NOAA Wx Radio’s Greatest Hits
We call him Jose because he seems to have a south-of-the-border ESL quality to his robot speech as he reads the weather synopsis, forecast or current readings of conditions around the area. He came out with a good one yesterday. Of course he just reads what the statisticians put before him:
November 19, 2006. Blacksburg Virginia set a record for snowfall amount of TRACE which exceeds the former snowfall record for this date of ZERO recorded in 2002.
Words Fit to Print
Drove to Wytheville yesterday to make final arrangements for the notecards. They are spot-on and will be ready for me to pick up on Friday, December 1. But the best part of the trip was the guided tour of the facility at Wordsprint, owned and operated by Bill Gilmer. We knew Bill when he moved to Wytheville in the mid-eighties, a young man with the purpose to live away from town, and write–short stories. He took in typing by the page because it was something he did well. He now has both floors of the old Leggetts building on main street, twenty employees, and a thriving regional print and mail business. I’m pleased with what he’s produced for me, and more than that, with what he has produced for himself and the community by persistence, character and hard work.
Words Fit to Finesse
Two words were added to the Fragmented Fred lexicon at the writers workshop in Tennessee a few weeks back. I’ll share: 1) efreet (or afrit) — an evil spirit, especially in Arab mythology. It came up in a bit of science fiction poetry that was read, and everybody went HUH? and 2) ekphrasis, which poets are more likely to know, perhaps, than other flavors of writers. And I guess it deserves more, because without knowing it, it is this kind of one art leading to or enhanced by another that is inherent in my “images in words and pixels” relationship between photography and the written word. Here’s the fuller description of what the word means:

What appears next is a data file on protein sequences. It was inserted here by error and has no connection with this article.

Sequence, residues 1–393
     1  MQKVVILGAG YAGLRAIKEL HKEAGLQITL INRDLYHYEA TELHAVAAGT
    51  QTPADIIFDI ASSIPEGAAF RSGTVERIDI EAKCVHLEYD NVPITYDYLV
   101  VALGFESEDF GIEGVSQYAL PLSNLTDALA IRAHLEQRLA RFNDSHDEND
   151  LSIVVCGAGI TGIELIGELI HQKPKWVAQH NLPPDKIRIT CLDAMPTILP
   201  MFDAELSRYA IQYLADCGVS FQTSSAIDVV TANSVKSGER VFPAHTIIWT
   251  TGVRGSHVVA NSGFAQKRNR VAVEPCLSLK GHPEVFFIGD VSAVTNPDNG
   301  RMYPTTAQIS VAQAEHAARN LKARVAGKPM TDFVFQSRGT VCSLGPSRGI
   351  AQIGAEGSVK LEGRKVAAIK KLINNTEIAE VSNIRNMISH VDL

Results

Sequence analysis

Ecphrasis has been considered generally to be a rhetorical device in which one art tries to relate to another art by defining and describing the essence and form of that original art, and in doing so, “speak to you” through its illuminative liveliness. A descriptive work of prose or one of poetry, a film, or even a photograph may thus highlight through its rhetorical vividness what is happening, or what is shown in, say, any of the visual arts, and in doing so, may enhance the original art and so take on a life of its own through its brilliant description. The kinds of art described in this way may include painting, photography, sculpture, architecture, etc.
And a third word often used, never dissected by me until someone did so in church a couple of weeks ago. The word is SARCASM, and I claim it reluctantly as a perverse gift of mine, pulled out when threatened, wounded or frustrated, usually with family. And I should have picked up on the word root long ago; it is well-known in medical terminology (e.g. sarcoplasm). It is in the word sarcophagus. In the word sarcasm, too, sarc– means flesh. When we use sarcasm in our language, it causes the hearer to bite the flesh of their lip in pain, is the original meaning. I’ll remember this, next time my words risk wounding another.